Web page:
The band that made a splash in the 1980s says it’s ready to “keep going as long as it feels good.” The Local Spins interview with co-founder Glenn Tilbrook.
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Time was when a recording contract gave a band license to write songs, be bold, and experiment as the mood took them. As long as sales were steady, artists could tour and perform for fans, with the record company absorbing the costs.
Those who have been at it for years, like Glenn Tilbrook, can testify to how things have flip-flopped.
“It’s like a hobby career and my live work subsidizes making records. The whole business model has been changed,” said the Squeeze frontman after arriving stateside to begin a slate of performances throughout the month.
So the artists that today rely on performing to make a living – which is most of them outside superstars like Beyoncé – were hit hard when the pandemic struck. Now bands are touring again, with the spectre of the mutating coronavirus continually looming. “It felt like getting through the eye of a needle. Justifiably so,” Tilbrook said of resuming performance in the age of COVID.
Many of the band’s shows will find Squeeze opening for Daryl Hall and John Oates. The band’s show at Meijer Gardens on Sunday (Aug. 22) is one of its headlining gigs. Some tickets for the 7 p.m. show, $70 for non-members, are still available online here.
“The audiences (for Squeeze and Hall and Oates) seem to be very compatible,” said Tilbrook, adding that the same is true of the musicians. “They’re complementary. They (Hall and Oates and their band) are great musicians.”
Tilbrook and his writing partner Chris Difford have been the heart and soul of Squeeze since it began back in the mid-70s.
Hailed by some quarters of the rock press as the next Lennon & McCartney, the band’s popularity steadily increased as a melodic counterpoint to the burgeoning new wave sound. When the two broke the band up following Sweets From A Stranger in 1982, they continued to work together as Difford & Tilbrook, releasing the album of the same name in 1984. They reformed as Squeeze the next year, and the band has been an on-and-off affair ever since, with the duo the only constants.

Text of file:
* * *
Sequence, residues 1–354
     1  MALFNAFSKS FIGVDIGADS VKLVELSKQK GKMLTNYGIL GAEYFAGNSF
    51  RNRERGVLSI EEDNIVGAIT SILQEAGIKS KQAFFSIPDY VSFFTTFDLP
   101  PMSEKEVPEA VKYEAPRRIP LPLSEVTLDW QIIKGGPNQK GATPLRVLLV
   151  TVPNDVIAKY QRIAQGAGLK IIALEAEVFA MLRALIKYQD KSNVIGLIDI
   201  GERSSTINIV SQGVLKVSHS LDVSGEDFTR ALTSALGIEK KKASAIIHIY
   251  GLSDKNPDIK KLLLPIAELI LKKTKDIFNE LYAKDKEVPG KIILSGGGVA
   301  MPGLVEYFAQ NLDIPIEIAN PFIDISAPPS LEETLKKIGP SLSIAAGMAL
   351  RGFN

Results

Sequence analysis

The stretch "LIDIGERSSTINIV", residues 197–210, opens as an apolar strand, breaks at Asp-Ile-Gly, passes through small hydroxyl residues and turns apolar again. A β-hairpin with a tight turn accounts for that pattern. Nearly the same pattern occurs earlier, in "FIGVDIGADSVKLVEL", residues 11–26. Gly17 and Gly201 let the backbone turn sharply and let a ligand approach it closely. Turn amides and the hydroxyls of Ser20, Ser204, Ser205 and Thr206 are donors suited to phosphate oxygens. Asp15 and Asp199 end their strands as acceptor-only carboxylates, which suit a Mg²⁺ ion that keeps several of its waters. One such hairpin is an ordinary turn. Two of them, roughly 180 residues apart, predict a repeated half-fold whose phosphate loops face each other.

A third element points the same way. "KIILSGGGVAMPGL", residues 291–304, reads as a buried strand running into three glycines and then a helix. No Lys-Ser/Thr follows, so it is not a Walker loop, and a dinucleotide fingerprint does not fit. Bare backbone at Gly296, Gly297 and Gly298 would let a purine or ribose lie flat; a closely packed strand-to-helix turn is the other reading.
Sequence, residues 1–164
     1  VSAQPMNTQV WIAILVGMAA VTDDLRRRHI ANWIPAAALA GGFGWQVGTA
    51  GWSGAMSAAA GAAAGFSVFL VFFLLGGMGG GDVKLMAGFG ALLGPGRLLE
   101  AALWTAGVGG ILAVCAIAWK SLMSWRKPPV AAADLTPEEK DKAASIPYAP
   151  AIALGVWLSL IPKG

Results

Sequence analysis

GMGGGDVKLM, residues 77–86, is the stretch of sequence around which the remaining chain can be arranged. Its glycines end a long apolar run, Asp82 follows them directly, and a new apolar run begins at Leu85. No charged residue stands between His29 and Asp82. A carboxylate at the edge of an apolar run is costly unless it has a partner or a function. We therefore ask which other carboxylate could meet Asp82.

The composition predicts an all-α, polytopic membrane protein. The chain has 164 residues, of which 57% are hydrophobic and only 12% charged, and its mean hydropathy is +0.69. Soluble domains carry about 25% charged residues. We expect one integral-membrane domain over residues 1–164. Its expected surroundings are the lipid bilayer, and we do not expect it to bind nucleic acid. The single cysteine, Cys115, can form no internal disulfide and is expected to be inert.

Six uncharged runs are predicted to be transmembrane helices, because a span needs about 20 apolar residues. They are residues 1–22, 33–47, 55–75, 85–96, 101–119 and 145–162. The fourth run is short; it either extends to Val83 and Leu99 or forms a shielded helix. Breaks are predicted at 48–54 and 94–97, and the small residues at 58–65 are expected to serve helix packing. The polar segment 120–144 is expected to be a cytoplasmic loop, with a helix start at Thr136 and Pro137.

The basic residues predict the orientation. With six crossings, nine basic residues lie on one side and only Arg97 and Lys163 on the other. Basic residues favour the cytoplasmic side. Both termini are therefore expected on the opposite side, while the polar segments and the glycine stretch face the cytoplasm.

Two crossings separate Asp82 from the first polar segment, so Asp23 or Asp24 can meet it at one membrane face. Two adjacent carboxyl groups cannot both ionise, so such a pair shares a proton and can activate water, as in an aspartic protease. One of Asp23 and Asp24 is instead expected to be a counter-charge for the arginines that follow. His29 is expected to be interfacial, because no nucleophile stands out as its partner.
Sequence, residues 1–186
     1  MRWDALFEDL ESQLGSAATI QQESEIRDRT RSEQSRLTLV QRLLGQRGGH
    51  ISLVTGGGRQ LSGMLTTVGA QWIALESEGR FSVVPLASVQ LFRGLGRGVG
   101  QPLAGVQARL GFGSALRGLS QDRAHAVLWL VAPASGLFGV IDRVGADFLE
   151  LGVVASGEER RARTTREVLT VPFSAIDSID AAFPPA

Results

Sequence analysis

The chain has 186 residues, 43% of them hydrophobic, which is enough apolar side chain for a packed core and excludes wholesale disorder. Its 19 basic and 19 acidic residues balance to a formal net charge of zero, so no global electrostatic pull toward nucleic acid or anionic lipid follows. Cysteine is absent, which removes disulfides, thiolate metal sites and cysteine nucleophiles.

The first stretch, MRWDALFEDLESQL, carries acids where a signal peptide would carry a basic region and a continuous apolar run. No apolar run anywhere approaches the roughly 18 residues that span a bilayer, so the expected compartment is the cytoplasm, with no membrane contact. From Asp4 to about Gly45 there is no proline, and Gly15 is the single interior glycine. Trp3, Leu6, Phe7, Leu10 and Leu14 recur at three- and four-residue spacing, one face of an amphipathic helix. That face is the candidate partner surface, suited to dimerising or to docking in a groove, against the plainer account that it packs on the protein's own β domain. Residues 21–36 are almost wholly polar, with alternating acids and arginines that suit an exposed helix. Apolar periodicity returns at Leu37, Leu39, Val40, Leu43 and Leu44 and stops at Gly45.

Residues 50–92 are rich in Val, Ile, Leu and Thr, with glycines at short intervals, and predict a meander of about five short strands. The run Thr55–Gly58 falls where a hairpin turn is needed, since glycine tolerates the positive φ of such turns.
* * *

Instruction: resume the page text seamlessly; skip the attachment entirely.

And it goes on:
PLANS TO CONTINUE PERFORMING TOGETHER AS LONG AS POSSIBLE
Squeeze has been home to a host of members over the years. Currently it’s a seven-piece, with keyboard player Stephen Large, guitarist Melvin Duffy, bassist Owen Biddle, drummer Simon Hansen and percussionist and vocalist Steve Smith supporting Difford and Tilbrook. Large and Hanson were members along with Large’s wife Lucy Shaw in Tilbrook’s band the Fluffers, which became Squeeze when Difford re-enlisted. “The Fluffers were such a great band. When Squeeze got back together, I didn’t want to break them up,” said Tillbrook.
During their initial heyday, Difford would write lyrics to which Tilbrook would add the music. That changed during one of their breakups. “When we split, I was 40. I felt I ought to learn to write lyrics. The person I learned the most from was Chris. He’s such a great lyricist.”
“There are so many different ways it works. For us, I never look at the lyrics until I sit down with piano and guitar,” he said.
Most of the time anyway. “There’s a song on ‘The Knowledge’ (the band’s most recent effort, released in 2017) called ‘Departure Lounge.’ I was at a friend’s place in Malibu, strumming a guitar looking at the Pacific. The tune came with no words. When Chris gave me words, they fit. It’s special.”
Tilbrook and Difford have experienced the ups and downs of the industry, and as he noted earlier, the business has changed dramatically since the band debuted 43 years ago. “I don’t think music occupies the same place in culture, especially the shared experience. Listening habits are fragmented.
“Spotify is rubbish the way it treats artists, but now kids have it all at their fingertips, three or four lifetimes of music,” he said.
Tilbrook says after being forced to stay home, touring and performing again still is a slightly surreal experience. “It still feels slightly not real to be going out,” he noted.
But on the road they are, and Tilbrook said the band has no plans to give up performing together as long as it is able to. “We’ll keep going as long as it feels good. We are completely self-sufficient,” he said.
VIDEO: Squeeze, “Innocence in Paradise” (2017)
VIDEO: Squeeze, “Black Coffee in Bed” (1982)
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